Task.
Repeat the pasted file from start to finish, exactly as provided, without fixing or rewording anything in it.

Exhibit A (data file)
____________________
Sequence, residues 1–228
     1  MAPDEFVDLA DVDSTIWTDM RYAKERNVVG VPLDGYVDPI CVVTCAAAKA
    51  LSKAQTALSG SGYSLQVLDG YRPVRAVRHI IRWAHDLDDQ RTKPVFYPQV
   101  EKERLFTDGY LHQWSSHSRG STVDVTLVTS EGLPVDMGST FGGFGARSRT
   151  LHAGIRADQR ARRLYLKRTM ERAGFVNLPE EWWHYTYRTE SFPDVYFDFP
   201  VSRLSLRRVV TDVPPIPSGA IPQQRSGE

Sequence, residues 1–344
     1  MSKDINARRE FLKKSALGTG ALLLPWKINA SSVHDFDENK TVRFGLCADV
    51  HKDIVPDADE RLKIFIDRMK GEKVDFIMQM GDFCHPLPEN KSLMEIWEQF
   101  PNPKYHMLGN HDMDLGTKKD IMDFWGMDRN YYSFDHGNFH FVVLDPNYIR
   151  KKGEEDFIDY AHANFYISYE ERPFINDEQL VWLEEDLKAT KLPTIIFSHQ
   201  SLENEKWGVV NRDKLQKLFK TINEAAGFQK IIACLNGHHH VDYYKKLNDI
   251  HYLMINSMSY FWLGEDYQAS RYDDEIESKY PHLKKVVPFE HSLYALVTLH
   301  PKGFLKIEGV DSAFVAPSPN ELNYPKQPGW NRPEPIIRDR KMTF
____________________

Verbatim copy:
Sequence, residues 1–228
     1  MAPDEFVDLA DVDSTIWTDM RYAKERNVVG VPLDGYVDPI CVVTCAAAKA
    51  LSKAQTALSG SGYSLQVLDG YRPVRAVRHI IRWAHDLDDQ RTKPVFYPQV
   101  EKERLFTDGY LHQWSSHSRG STVDVTLVTS EGLPVDMGST FGGFGARSRT
   151  LHAGIRADQR ARRLYLKRTM ERAGFVNLPE EWWHYTYRTE SFPDVYFDFP
   201  VSRLSLRRVV TDVPPIPSGA IPQQRSGE

Sequence, residues 1–344
     1  MSKDINARRE FLKKSALGTG ALLLPWKINA SSVHDFDENK TVRFGLCADV
    51  HKDIVPDADE RLKIFIDRMK GEKVDFIMQM GDFCHPLPEN KSLMEIWEQF
   101  PNPKYHMLGN HDMDLGTKKD IMDFWGMDRN YYSFDHGNFH FVVLDPNYIR
   151  KKGEEDFIDY AHANFYISYE ERPFINDEQL VWLEEDLKAT KLPTIIFSHQ
   201  SLENEKWGVV NRDKLQKLFK TINEAAGFQK IIACLNGHHH VDYYKKLNDI
   251  HYLMINSMSY FWLGEDYQAS RYDDEIESKY PHLKKVVPFE HSLYALVTLH
   301  PKGFLKIEGV DSAFVAPSPN ELNYPKQPGW NRPEPIIRDR KMTF